At a higher level, Prime Minister Scott Morrison was last week awarded the Jerusalem Prize by the Zionist Federation of Australia. The award ceremony in Sydney was attended by Sharma, Israel Ambassador to Australia Mark Sofer, Gusti Yehoshua-Braverman, head of the department of Diaspora affairs at the World Zionist Organization, and prominent members of the Australian Jewish community. Morrison won high praise for his outspoken comments regarding the United Nations’ treatment of Israel.
In his acceptance speech, Morrison reiterated his criticism of the UN, saying that Australia is taking a strong stand against the targeting of Israel at the UN General Assembly.
“The UN was born out of the horrors of World War II, born out of an ethos of never again. An institution born to do so much good has allowed antisemitism to seep into its deliberations, all under the language of human rights, and we are not buying that, my government is not buying that, our government is not buying that,” he declared.
ZFA president Jeremy Leibler, lauded Morrison’s steadfast and tireless support of Israel and his moral courage in recognizing west Jerusalem as the capital of Israel, and in changing Australia’s voting pattern at the UN General Assembly, by voting against resolutions that deny the Jewish relationship to Jerusalem.
The prize is awarded annually by the ZFA, the Zionist Council of New South Wales and the World Zionist Organization to an individual who has been exceptional in strengthening Australia-Israel relations.
■ CONTRARY TO much of what it supposedly stands for, the United Nations is notorious for Israel bashing and anti-Jewish sentiment. On November 10, 1975, Chaim Herzog, who was then Israel’s permanent representative to the United Nations, delivered a historic address in which he denounced the General Assembly’s resolution equating Zionism with racism, and then tore up his copy, declaring: “For us, the Jewish people, this is no more than a piece of paper, and we shall treat it as such.”
The UN resolution, which chillingly coincided with the 36th anniversary of Kristallnacht, was adopted by a large majority. Herzog spent many years trying to have it revoked. It was not until 1991 that his efforts and those of numerous other people succeeded. But since then there has been Holocaust denial, the Boycott, Divestment and Sanctions movement, the UNESCO resolution rejecting the Jewish connection to Jerusalem, and other distortions of historical records.
November is an important month in the history of contemporary Jewry. On November 29, 1947, the UN approved Resolution 181 which called for the partition of Palestine, and was a major forward step for the creation of the State of Israel. Israel’s first president, Chaim Weizmann, was born and died in November.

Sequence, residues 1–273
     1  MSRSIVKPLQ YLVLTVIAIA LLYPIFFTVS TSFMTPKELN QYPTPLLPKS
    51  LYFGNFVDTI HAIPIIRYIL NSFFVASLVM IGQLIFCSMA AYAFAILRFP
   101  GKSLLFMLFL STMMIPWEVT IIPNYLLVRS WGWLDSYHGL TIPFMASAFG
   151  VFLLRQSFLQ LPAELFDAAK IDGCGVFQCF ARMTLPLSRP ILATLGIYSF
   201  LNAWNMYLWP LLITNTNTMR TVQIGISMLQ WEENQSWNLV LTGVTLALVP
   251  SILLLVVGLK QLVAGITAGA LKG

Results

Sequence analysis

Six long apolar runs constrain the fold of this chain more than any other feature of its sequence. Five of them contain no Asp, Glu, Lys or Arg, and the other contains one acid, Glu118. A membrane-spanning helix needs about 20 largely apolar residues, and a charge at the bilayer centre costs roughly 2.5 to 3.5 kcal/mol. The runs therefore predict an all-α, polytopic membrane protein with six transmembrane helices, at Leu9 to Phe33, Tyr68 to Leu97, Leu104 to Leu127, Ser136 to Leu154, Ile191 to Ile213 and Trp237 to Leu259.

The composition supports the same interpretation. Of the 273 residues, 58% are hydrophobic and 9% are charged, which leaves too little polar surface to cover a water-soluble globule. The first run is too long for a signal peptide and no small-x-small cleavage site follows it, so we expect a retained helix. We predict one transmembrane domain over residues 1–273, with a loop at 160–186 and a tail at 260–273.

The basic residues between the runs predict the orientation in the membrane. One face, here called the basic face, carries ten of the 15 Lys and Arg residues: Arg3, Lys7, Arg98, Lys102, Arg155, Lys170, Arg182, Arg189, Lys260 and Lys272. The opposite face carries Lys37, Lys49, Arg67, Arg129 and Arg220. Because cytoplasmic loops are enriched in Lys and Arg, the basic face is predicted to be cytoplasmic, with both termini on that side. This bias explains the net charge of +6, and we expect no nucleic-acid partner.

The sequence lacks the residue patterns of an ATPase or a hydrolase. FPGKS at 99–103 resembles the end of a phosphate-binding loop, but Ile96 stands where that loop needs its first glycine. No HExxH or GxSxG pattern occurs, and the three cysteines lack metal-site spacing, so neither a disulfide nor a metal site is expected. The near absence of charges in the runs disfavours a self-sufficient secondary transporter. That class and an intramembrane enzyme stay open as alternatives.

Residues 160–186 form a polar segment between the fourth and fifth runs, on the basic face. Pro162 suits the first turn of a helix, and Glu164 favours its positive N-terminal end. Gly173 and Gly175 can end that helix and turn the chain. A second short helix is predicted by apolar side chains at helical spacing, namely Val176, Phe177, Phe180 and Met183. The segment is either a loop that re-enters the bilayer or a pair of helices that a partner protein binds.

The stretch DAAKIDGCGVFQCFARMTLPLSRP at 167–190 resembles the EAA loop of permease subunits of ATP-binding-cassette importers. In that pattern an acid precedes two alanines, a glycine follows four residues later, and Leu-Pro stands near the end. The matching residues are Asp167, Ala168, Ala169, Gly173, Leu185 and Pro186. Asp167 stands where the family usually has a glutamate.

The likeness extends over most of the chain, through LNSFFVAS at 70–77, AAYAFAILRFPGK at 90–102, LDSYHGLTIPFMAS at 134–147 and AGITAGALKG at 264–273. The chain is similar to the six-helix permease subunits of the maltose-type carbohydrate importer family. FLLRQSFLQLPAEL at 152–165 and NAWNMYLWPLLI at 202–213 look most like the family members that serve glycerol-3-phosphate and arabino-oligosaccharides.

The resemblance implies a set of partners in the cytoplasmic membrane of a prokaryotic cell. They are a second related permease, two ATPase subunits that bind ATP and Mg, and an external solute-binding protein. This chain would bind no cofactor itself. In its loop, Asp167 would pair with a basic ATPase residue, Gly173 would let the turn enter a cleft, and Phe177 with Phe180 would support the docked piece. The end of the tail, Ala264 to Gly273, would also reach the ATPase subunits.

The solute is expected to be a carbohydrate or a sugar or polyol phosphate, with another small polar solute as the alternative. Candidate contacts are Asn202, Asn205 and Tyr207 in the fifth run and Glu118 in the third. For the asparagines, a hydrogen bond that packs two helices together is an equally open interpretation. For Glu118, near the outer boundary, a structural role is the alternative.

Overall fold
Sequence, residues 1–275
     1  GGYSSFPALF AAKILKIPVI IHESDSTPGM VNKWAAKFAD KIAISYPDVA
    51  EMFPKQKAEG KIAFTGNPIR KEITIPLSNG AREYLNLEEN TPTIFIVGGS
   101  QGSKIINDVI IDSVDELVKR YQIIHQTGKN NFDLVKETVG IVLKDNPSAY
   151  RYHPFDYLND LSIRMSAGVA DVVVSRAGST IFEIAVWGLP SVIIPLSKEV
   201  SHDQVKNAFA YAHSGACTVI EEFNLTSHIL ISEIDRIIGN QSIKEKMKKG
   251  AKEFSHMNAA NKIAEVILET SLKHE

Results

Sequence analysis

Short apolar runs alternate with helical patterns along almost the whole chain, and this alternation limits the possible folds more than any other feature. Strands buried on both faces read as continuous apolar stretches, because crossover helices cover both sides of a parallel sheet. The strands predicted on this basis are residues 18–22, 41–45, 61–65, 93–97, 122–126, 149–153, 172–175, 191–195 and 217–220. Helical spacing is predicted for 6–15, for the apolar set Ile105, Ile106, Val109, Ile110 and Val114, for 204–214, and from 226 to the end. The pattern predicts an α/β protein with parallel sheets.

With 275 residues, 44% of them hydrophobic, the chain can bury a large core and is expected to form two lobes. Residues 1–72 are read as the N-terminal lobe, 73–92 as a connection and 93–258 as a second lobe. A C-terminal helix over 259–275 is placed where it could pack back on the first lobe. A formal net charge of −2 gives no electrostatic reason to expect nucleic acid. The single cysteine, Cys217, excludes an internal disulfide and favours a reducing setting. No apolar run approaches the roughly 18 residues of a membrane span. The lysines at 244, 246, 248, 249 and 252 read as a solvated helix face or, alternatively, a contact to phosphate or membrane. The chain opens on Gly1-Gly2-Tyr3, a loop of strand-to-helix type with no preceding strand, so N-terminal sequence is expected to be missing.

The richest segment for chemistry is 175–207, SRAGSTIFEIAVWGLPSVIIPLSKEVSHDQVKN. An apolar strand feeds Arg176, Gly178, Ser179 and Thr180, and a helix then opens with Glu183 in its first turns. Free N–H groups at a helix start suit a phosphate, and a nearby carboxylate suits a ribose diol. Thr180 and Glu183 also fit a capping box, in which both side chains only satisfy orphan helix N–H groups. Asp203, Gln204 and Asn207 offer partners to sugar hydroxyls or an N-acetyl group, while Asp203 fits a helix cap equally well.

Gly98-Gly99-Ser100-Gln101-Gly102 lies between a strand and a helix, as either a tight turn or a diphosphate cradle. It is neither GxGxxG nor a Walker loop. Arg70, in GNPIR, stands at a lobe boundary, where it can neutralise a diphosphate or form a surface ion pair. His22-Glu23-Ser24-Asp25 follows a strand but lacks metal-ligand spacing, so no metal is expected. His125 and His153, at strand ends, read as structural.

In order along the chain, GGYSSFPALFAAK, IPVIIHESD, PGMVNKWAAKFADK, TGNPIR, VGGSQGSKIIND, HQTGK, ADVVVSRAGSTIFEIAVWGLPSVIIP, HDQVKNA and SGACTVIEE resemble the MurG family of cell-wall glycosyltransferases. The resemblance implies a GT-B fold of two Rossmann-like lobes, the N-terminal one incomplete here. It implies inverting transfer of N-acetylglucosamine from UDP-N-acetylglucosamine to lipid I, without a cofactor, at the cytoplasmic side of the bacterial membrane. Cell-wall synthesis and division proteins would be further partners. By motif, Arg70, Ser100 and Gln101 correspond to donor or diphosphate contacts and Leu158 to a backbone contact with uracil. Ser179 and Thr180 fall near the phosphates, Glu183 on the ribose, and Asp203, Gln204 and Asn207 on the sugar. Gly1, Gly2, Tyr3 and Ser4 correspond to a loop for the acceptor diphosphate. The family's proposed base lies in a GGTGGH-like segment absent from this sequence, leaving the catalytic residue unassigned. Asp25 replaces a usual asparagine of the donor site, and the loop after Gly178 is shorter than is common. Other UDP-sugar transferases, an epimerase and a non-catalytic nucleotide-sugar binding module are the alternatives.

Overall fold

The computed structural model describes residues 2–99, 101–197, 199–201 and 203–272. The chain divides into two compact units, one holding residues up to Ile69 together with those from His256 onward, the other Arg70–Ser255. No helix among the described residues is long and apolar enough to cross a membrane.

The establishment of a Jewish state was looked on with great disfavor by neighboring states in the region, whose governments and people made life very difficult for the Jewish communities within their borders. Most Jews living in Arab lands either fled or were expelled. They could take very little with them, and the assets they left behind were appropriated by the governments of the countries in which they were born, and never returned to them.
To commemorate the departure and expulsion of Jews from Arab lands and Iran, JIMENA, together with Israel’s Permanent Mission to the United Nations and with the cooperation of the World Jewish Congress, will hold a special event at UN headquarters in New York on Wednesday, December 4. Participants will include Ambassador Danny Danon, Israel’s representative to the UN; human rights activist and former Miss Iraq Sara Idan, and Elan Carr, US special envoy to monitor and combat antisemitism, who happens to be the son of a prominent leader of the Jewish community of Iraq. Carr has ben quoted as saying that his family lived through and saw antisemitism, and this is what has informed his entire life and his passion for public service.
■ IN ISRAEL, on Sunday, December 1, the Jewish Agency will host a Journey to Roots, an evening for Jews from Arab lands featuring speakers of Tunisian, Yemenite and Moroccan backgrounds. Even Jewish Agency Chairman Isaac Herzog has a close link to Jews from Arab lands, in that his mother was born and raised in Egypt.
One of the highlights of the evening will be a documentary film by Chanel 12 journalist Rina Matzliach, who is of Tunisian background, and who accompanied a group of Tunisian expatriates to the land of their birth.
For many years now, the Tunisian government has permitted people with Israeli passports to come to Tunis for 10 days to celebrate Lag Ba’omer in Djerba, where there is an annual pilgrimage attracting hundreds of Jews. The local Moslem population is very welcoming, and the Jewish pilgrims visit their old homes and places of business, the synagogue and the Jewish cemetery, as well as other Jewish sites, and are simply ecstatic for the whole of the 10 days, even to the extent of nostalgically taking up Tunisian Arabic, and barely speaking in Hebrew.
The group with which Matzliach traveled met with the Tunisian Minister of Tourism Rene Trabelsi, who happens to be Jewish, but who made it clear that no one should mistake the warm reception given to the Israelis as a sign of normalization.